A great picture of a pair of Rocs (same aircraft as in the close-up shot further up the page). It is taken from a wartime postcard that was produced by photographic methods. With a magnifying glass on the original you can see that the front engine panels were held in place by pins with very large "O" rings on the end, like big keyrings, so much for streamlining! The Roc was a very large aircraft, note how small the pilot looks in his cockpit. You can see the "light series" bomb rack beneath the wing and the larger rack for a 250 lb bomb inboard of it.
The picture above is not of a Roc, but of the stub wings on the wheels of a Westland Lysander, however, it does show up close exactly the same type of bomb racks used on the Roc. On the right is the Light Series Carrier, able to take four light bombs, this bomb rack was also used on Skuas. On the left is the 250 lb rack, in this case holding a supply container.
Head-on view of a Roc without the front spinner on the propeller. This picture clearly shows the two small sections of undercarriage door which flipped out at right angles to the airflow when the undercarriage was extended. It also shows well the "flat bottom" of the Roc, you can just make out the hatch in the bottom of the aircraft for the gunner to exit. The half black / half white colour scheme was that adopted at the start of the war to try to make friendly fighters more easily identified by the Observer Corps through binoculars at height.
The dustjacket of this wartime boys adventure story shows a Roc over an aircraft carrier. Many books on World War II aviation that mention the Roc, even Putnam's " Blackburn Aircraft since 1909", state that the Roc never made any carrier flights at all, they most certainly did, and not just training flights either (see combat history above), this is confirmed in the combat reports of the squadron's involved. A photo of Roc (L3062) of 803 Squadron operating from HMS Ark Royal is featured on page 57 of Stuart Lloyds book "Fleet Air Arm Camouflage and Markings". To prove that Roc trainers also operated from carriers another photo on page 72 of the same book shows a Roc target tug on HMS Formidable. The combat reports of the various Fleet Air Arm Squadrons that used Rocs on operations are available via the Public Record Office at Kew.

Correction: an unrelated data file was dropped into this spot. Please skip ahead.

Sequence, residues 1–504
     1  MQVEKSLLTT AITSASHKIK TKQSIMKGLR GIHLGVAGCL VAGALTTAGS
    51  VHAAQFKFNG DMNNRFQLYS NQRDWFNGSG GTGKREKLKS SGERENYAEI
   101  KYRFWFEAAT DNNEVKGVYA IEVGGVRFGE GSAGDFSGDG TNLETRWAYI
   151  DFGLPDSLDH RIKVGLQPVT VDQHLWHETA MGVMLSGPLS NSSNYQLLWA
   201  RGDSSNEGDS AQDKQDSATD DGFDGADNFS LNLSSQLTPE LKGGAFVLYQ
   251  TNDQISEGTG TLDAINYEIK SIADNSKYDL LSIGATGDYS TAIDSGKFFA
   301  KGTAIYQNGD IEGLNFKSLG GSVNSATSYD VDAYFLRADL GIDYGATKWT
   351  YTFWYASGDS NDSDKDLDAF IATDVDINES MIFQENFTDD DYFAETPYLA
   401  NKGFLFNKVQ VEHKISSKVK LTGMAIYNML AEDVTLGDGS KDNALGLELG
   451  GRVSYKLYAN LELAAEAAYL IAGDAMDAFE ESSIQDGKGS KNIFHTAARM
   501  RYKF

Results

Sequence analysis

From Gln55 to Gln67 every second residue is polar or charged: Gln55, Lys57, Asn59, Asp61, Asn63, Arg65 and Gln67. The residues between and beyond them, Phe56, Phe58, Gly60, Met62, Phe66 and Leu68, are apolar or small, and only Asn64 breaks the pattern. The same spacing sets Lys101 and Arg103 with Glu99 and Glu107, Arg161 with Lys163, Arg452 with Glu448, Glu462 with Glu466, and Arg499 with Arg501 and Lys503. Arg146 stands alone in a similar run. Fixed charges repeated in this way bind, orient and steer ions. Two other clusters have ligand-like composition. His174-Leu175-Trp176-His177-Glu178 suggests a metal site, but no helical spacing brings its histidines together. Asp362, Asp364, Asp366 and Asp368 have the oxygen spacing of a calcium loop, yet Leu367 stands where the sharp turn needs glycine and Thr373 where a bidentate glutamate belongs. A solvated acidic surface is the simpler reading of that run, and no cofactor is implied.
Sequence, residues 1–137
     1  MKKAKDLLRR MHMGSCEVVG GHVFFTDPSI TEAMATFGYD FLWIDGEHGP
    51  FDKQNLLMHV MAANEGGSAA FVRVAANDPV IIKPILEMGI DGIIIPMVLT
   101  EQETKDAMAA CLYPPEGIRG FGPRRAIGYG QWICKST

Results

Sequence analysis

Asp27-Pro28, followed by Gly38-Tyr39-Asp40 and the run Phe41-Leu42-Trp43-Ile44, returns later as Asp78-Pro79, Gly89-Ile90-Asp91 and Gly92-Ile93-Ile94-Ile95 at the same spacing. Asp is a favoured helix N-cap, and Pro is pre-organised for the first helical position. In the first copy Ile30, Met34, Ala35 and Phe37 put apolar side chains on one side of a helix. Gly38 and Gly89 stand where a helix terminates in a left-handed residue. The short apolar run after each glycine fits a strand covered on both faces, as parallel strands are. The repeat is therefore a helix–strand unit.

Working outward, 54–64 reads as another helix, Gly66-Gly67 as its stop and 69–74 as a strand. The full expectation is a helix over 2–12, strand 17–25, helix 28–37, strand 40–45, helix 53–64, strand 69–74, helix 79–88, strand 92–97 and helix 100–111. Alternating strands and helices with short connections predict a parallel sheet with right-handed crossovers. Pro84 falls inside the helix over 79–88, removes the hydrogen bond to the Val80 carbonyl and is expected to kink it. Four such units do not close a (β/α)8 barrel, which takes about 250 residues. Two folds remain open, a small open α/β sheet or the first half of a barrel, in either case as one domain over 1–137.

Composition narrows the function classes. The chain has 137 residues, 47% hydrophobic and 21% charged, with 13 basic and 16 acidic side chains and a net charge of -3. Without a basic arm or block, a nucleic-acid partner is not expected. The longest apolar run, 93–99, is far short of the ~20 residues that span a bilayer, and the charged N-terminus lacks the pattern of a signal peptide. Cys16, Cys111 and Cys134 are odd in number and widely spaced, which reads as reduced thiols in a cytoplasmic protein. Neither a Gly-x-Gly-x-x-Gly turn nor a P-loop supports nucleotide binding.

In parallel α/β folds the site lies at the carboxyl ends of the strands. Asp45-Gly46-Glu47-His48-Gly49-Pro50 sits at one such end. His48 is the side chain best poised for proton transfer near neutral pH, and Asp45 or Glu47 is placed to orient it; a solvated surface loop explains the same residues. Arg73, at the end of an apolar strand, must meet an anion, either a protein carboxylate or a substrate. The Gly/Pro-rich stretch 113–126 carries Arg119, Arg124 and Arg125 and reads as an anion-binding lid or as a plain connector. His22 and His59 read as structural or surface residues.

Suggested Alternative Roc Use
Back in October 1938, a meeting of the Air Council had decided that Roc production should go ahead while acknowledging that it was unlikely to be a good combat aircraft.** It was pointed out that the Roc could be used as an advanced trainer by the RAF if needed. With hindsight, it is sad that this very sensible suggestion was not carried out, and the Rocs were not handed over to the RAF "en bloc". As trainers for gunners for the Defiant squadrons and for the same type of turret fitted in Halifax, Ventura and Albermarle bombers the Roc would have been very useful. It would have been ideal for use on short-range air-sea rescue duties by RAF Coastal Command, dropping smoke floats and sea markers to help rescue vessels locate downed pilots or maybe even dropping inflatable dinghies (whole squadrons of Defiants were used in this role, but not until 1942).